Nothing illustrates this better than the first of the formal Pennsylvania governor?s debates, held recently at Penn State and sponsored by IssuesPa. The debate, actually a forum, consisted of general questions, with no follow up, and no real opportunity for the candidates to engage each other. The net result was that differences were not exposed. Fisher and Rendell, the major party candidates, looked to most viewers like Frick and Frack while the third party candidates seemed there to provide little more than comic relief.

Voters themselves probably understand the nature of debates better than the candidates do. Typically debate audiences are small. Viewers are voters with the keenest interest in politics or the party activists themselves. Most actually watch because they have already made up their mind. They are predisposed to one candidate and have their original views reinforced during the debate.

Nor do debates produce shifting voter allegiance or stampedes away from one candidate to another as debate mythology suggests. People with modest interest in politics don?t usually watch them, and are quite content to avoid them without feeling regret or remorse. To the extent that debates influence average voters, it is often what voters learn in fleeting news stories or word of mouth about the debate rather than in the debate itself that matters.

But to argue that debates are rarely decisive is not to also argue that they are unimportant. Debates are important and they do matter. But they matter differently then what conventional wisdom imparts.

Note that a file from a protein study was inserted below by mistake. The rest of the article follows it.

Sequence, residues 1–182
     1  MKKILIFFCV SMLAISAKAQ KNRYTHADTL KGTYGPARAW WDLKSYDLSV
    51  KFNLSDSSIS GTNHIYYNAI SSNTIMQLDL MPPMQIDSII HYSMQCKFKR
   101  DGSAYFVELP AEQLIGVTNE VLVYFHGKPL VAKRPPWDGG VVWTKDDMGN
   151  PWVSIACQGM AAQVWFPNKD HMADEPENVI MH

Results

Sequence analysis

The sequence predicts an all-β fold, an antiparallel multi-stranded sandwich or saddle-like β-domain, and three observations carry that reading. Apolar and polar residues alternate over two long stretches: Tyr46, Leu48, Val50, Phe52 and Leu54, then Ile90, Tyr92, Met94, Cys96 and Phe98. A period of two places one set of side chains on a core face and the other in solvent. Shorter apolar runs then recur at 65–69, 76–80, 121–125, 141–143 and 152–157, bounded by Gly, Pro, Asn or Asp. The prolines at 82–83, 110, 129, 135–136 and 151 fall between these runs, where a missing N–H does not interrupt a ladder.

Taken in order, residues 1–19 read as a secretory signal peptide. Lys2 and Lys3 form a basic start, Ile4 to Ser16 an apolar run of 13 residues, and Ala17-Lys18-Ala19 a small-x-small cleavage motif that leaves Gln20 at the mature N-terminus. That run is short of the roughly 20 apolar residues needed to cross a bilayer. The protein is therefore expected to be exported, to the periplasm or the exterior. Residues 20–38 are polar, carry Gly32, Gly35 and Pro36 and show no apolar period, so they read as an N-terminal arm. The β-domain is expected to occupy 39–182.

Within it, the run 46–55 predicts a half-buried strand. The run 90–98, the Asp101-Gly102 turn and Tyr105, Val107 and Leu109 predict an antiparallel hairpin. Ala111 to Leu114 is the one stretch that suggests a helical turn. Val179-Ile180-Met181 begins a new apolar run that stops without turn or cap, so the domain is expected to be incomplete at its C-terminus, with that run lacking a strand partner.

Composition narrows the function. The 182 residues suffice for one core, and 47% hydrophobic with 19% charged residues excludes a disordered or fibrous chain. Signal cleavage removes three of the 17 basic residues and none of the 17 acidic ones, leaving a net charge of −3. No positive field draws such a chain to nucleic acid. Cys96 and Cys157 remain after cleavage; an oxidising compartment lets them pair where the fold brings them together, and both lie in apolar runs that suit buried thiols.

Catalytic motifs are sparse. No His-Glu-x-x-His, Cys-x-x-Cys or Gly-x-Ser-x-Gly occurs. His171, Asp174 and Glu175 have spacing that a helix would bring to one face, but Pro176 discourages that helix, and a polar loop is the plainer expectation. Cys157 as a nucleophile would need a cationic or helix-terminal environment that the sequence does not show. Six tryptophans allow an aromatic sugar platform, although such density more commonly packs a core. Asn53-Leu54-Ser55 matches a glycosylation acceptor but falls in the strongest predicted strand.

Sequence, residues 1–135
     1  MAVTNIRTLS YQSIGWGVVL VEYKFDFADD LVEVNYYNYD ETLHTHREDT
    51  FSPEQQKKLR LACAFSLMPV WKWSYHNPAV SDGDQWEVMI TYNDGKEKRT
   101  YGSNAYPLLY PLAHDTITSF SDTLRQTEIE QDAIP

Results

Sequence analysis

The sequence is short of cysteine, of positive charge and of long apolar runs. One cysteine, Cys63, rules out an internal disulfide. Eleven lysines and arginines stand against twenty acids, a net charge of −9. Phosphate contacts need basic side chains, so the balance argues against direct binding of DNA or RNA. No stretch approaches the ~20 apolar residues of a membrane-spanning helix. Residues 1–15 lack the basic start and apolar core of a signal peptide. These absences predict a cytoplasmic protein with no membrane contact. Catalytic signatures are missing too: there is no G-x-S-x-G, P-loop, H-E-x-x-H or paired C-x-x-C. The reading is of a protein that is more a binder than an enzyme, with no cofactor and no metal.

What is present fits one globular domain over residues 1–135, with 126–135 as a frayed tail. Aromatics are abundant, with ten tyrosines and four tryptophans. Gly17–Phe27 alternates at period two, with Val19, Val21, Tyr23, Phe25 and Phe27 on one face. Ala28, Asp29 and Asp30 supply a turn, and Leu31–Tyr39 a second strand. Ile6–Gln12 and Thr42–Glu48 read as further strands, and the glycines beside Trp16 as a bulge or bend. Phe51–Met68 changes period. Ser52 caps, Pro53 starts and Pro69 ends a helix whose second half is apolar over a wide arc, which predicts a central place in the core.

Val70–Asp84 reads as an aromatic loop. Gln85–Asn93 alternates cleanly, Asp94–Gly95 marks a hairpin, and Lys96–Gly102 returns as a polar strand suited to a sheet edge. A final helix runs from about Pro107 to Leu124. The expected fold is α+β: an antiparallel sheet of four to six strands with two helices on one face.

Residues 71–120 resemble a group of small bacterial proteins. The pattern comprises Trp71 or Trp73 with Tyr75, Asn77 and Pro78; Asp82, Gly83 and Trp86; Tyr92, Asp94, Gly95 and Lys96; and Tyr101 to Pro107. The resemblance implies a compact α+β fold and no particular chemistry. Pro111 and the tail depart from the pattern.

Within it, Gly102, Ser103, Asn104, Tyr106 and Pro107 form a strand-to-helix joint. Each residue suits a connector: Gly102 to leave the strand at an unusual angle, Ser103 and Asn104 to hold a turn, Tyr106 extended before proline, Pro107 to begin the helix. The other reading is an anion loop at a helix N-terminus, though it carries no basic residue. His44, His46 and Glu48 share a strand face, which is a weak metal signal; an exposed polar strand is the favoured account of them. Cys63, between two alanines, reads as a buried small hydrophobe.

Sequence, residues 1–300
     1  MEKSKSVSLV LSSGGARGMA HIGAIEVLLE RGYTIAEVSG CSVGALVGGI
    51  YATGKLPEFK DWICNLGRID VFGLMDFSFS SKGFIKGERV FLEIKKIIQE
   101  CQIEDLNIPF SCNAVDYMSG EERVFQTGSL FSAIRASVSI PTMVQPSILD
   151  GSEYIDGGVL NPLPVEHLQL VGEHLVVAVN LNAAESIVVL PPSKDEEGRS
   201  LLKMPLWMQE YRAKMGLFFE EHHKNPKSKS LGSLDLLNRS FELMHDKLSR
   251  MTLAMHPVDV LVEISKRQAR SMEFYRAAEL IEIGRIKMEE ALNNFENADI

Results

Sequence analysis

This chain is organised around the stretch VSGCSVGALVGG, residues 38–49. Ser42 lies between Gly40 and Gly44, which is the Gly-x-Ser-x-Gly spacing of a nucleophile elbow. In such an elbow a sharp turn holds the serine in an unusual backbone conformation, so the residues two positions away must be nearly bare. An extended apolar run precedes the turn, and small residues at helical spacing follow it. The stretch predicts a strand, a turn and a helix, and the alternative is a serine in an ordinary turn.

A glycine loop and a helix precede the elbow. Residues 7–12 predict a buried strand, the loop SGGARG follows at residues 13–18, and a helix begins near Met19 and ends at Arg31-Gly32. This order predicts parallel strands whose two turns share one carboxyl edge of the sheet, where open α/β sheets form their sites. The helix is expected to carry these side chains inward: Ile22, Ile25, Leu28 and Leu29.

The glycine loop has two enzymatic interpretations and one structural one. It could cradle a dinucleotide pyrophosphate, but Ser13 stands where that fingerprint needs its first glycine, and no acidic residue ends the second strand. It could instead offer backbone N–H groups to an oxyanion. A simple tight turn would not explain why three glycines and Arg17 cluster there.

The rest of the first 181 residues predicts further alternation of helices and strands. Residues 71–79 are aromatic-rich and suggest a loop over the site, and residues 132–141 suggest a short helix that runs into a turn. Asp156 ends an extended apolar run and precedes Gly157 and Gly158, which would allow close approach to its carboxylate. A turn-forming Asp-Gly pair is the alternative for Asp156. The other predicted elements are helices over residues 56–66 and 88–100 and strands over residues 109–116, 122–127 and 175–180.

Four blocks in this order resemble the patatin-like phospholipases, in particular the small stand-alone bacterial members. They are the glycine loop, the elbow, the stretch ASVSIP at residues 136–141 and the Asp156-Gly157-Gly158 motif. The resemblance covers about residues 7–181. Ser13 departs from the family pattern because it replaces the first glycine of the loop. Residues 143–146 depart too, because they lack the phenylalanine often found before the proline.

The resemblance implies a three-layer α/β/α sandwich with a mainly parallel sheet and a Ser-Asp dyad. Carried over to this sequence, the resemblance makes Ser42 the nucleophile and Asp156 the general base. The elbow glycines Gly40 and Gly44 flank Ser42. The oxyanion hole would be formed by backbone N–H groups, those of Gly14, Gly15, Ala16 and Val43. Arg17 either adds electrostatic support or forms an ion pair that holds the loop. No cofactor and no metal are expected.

Debates rarely change opinions but they often act powerfully to reinforce and activate pre existing opinion. They make voters comfortable doing what they have already decided to do.

They also serve as reminders that electoral decisions are looming. People watching are stimulated to pay more attention to the campaign. Non-watchers, too, are reminded that an election is nearing and decisions have to be made.

In the end, debates matter not because they make the decision for us-- but because they help us to make our own decision. They aren't decisive, but they are important.

Politically Uncorrected™ is published twice monthly. Dr. G. Terry Madonna is a Professor of Public Affairs at Franklin & Marshall College, and Dr. Michael Young is a former Professor of Politics and Public Affairs at Penn State University and Managing Partner at Michael Young Strategic Research. The opinions expressed in this article are solely those of the authors and do not necessarily reflect the opinions of any institution or organization with which they are affiliated. This article may be used in whole or part only with appropriate attribution. Copyright © 2002 Terry Madonna and Michael Young.